Deleveraging in the financial sector is a hot topic in China. It’s one of the key factors behind the recent decline in A shares.
China’s economy has over-expanded in the past couple of years, in terms of both manufacturing capacity and lending activity. That’s why Beijing has outlined eliminating excessive capacity, de-stocking and deleveraging as core tasks of supply-side reform.
China accelerated the efforts in phasing out excessive capacity last year, leading to a price recovery in commodities and a revival in key industries such as steel and coal.
This year, the central government wants to focus on financial deleveraging.
In fact, most of China’s financial leverage is tied to the housing sector. Given the huge housing boom over the past few years, it is believed most of the financing raised through corporate loans, wealth management products or the shadow banking system have been eventually funneled to the real estate sector, leading to skyrocketing home prices.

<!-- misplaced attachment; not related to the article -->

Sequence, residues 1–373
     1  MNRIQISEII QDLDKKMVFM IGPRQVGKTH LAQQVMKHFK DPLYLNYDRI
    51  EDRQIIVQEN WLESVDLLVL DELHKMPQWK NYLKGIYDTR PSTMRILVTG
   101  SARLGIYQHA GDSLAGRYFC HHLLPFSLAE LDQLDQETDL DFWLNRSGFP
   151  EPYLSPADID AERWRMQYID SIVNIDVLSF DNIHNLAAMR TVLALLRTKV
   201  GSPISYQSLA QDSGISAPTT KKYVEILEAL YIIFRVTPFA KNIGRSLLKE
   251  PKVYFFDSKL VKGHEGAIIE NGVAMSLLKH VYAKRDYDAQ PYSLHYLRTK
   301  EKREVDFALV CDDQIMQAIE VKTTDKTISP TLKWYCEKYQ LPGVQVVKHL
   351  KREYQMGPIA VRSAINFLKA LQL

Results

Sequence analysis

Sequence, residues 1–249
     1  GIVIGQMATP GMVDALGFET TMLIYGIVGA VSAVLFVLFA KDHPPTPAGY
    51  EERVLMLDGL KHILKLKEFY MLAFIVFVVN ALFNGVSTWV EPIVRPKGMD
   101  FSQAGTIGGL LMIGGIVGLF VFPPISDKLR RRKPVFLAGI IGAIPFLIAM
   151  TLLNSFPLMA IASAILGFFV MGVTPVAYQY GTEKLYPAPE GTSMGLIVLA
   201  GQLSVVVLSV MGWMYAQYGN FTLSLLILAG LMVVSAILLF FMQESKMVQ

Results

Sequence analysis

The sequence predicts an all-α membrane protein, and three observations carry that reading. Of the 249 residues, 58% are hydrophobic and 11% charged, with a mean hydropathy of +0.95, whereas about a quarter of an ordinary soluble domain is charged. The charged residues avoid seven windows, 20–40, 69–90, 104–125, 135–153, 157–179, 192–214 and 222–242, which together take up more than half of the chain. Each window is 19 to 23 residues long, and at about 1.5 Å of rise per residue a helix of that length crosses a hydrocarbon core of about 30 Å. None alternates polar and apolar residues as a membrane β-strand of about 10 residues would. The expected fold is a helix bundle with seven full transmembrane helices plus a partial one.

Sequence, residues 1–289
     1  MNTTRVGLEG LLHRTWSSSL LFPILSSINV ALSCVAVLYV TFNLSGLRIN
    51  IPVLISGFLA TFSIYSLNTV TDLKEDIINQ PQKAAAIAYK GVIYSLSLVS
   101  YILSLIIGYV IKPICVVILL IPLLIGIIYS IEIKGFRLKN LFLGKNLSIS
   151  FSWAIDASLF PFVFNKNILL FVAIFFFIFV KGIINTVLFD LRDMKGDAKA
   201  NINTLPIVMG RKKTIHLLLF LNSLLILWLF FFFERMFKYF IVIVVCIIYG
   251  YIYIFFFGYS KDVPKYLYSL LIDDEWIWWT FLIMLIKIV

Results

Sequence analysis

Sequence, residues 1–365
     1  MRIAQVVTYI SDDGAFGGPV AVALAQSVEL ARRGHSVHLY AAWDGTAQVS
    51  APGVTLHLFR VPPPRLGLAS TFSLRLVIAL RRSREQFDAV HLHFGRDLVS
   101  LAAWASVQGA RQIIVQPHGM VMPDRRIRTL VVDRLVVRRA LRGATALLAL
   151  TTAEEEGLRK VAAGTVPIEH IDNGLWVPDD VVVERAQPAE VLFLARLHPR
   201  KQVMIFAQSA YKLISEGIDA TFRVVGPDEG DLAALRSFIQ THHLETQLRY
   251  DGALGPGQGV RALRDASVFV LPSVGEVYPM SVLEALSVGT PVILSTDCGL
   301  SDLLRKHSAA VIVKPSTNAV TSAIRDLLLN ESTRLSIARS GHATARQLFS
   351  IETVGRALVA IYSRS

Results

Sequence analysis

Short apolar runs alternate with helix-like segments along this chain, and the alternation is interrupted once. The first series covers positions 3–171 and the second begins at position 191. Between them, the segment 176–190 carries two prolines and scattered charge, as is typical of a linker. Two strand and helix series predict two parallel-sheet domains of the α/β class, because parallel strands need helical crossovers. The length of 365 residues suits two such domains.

A key objective of financial deleveraging is to tame the housing bubble, reduce the risk posed by the property industry and guide capital into the real economy.
The authorities have repeatedly stressed that the stock market, insurance firms and banks should support real economic growth.
The housing industry has lots of connections with numerous upstream and downstream sectors. For example, if the housing sector gets into trouble, sales of construction materials will slump, as well as sales of home appliances and furniture.
With so much at stake, it is easy to see why the authorities have taken a mild approach. While the government cracks down on speculation, it keeps encouraging first-time homebuyers.
A dozen cities have tightened home mortgage loans in recent months, and second-home buyers have struggled to obtain mortgage loans.
Central bank data shows that mortgage loans account for 34.6 percent of all new loans at the end of March, down 10.3 percentage points from the end of last year.
Overall, China’s banks extended 4.22 trillion yuan in new yuan loans in the first quarter of 2017, down 385.6 billion yuan from the year before.
Although mainland shares have been under pressure amid the deleveraging campaign, and it may remain so over the near term, the negative impact over the long run should be limited, as policy directives seem to be working already.
This article appeared in the Hong Kong Economic Journal on Apr. 28
Translation by Julie Zhu
[Chinese version 中文版]
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